Combating invasive weed grasses
You name it, and it’s sure to be vigorously invading my lawn. The summer annual weed grasses seem to be taking over after the recent rains and hot, humid weather. Where are those crisp autumn temps (huzzah for frosty mornings) to kill off the pervasive weed problem in the cool season turf grass? To make matters worse, there is no irrigation system within a mile from here.
Hopefully, relief is on the way with the falling leaves. Until then, let’s ponder what is conquering the yard. Some of the more commonly found annual weed grasses and grass-like weeds are crabgrass, goosegrass, foxtail grass and common Bermuda (aka wiregrass). These plants threaten the turf grass through encroachment, shading and hoggish usage of moisture and nutrient resources. What’s a home gardener to do?
The best approach is to plan now for cool season turf. Two Virginia Cooperative Extension publications (430-010, 430-532) are uniquely crafted to help you plan the approach, maintain the product and control the undesirables. E-search these and other educational articles on the VCE website pubs.ext.vt.edu to get ready for a September planting.
Not all weedy plants in your lawn are annual weed grasses. Nutsedge and rush control is another top priority in Southside lawns. Remembering a simple rhyme will help with identification. “Sedges have edges; rushes are round; grasses are hollow right up from the ground.” Belonging to different plant families accounts for the disparities between these three.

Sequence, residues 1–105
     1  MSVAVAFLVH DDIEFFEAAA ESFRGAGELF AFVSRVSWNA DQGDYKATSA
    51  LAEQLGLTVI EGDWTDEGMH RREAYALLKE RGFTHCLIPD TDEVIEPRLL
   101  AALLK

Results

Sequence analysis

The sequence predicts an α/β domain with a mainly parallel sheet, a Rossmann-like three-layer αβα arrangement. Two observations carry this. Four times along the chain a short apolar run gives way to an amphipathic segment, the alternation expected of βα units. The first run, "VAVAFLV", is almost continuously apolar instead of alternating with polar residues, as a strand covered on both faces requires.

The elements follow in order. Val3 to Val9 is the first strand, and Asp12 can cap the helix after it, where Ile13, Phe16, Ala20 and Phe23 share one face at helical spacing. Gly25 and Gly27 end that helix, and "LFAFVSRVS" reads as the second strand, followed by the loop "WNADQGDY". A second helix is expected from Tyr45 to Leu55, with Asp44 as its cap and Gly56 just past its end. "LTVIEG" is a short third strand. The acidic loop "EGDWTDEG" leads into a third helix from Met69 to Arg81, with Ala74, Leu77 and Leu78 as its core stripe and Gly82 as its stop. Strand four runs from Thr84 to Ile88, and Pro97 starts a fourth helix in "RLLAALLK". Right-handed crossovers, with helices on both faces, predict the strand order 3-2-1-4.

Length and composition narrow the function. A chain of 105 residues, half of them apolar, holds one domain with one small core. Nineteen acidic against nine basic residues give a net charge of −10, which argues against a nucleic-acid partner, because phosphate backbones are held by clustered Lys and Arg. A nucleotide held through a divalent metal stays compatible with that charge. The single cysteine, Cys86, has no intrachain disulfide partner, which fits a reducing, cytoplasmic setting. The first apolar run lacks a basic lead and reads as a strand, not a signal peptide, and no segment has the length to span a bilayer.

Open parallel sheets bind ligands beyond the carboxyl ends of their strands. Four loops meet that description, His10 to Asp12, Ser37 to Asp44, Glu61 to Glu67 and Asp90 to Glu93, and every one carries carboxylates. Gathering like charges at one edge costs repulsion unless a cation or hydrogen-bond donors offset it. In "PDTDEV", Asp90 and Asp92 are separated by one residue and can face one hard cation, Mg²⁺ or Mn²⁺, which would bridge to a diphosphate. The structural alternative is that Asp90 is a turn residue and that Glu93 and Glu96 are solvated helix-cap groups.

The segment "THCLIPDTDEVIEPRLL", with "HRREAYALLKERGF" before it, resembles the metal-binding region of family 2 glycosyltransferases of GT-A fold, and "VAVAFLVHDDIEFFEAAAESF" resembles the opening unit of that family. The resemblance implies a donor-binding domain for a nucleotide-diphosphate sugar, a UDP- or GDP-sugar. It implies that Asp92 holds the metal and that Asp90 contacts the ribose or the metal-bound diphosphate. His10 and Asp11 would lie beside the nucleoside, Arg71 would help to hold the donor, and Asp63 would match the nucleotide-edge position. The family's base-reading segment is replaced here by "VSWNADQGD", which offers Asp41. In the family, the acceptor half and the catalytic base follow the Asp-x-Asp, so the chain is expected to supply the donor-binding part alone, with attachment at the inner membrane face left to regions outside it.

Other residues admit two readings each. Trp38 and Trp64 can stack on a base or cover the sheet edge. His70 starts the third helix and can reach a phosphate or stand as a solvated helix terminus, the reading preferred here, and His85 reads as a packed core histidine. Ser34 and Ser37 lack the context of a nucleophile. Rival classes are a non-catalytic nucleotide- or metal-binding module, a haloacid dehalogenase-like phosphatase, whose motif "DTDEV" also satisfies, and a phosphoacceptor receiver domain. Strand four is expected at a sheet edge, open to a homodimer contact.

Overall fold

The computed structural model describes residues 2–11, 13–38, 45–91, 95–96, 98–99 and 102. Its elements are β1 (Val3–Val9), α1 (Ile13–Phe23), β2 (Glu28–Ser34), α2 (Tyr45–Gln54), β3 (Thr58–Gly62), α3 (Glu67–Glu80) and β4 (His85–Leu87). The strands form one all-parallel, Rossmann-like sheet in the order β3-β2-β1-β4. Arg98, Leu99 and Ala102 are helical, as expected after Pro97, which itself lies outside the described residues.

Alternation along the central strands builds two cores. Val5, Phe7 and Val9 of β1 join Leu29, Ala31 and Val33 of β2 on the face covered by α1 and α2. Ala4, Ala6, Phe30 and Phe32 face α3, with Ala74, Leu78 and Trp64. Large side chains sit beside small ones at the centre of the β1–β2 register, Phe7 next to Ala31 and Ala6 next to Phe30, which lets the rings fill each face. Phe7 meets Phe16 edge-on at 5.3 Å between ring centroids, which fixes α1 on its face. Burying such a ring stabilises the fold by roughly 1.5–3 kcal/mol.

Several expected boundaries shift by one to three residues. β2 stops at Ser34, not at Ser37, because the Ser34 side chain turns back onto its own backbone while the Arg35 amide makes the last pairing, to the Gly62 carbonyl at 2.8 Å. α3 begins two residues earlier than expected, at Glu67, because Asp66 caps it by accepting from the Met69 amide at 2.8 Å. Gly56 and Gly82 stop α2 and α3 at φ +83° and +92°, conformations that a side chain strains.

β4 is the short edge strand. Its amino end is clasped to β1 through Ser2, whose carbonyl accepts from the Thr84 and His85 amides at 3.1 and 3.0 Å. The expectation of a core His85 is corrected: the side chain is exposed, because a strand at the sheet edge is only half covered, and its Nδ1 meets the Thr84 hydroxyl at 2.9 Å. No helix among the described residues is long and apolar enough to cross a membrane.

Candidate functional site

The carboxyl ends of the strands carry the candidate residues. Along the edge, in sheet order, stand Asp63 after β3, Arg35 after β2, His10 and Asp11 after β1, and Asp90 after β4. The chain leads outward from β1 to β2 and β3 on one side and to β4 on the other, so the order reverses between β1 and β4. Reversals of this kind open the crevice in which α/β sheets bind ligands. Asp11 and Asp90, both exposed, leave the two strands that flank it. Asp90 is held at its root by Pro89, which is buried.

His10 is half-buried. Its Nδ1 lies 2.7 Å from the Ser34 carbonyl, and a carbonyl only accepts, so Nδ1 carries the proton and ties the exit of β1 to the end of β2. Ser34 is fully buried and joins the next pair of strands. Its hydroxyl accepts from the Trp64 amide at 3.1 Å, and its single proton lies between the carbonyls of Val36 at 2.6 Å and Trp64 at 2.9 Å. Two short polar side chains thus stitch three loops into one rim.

The stem is the most informative part of the plant when deciding whether grass-like vegetation is a sedge or a rush. Recognize a sedge by the triangular stem. Rush stems have a cylindrical round shape.
Plants have preferred habitats, too. Like the rush plant, the sedge (aka watergrass) is often found in saturated soils such as a poorly-drained, low spot in your lawn. For healthy fescue turf, deep and infrequent watering maintains a healthy root system and reduces weed infestations. Conversely, Bermuda grass thoroughly enjoys full sun and tolerates heat and drought. Even dappled shade will keep the Bermuda’s stolons and rhizomes from spreading into an area.
Coloration also varies. Fescue turf is a lovely, deep rich green when healthy and growing. Crabgrass is a lighter green, easily reflecting daylight. Bermuda tends to be a shade somewhere in between. The base of nutsedge spikelets are yellowish to purplish. The foliage of some rushes may even appear blue.
Learn about the plants thriving in your lawn, those you want to control and flourish. Weedalert.com is a handy online source for first identifying the weed. Then contact the Master Gardener Helpline to learn of techniques for controlling problem weeds in your landscape. Call 356-1979 on Wednesdays, 10 a.m.-noon.
KRISTI HENDRICKS is a member of the Western Tidewater Master Gardeners. Contact her at GardenontheJames@yahoo.com.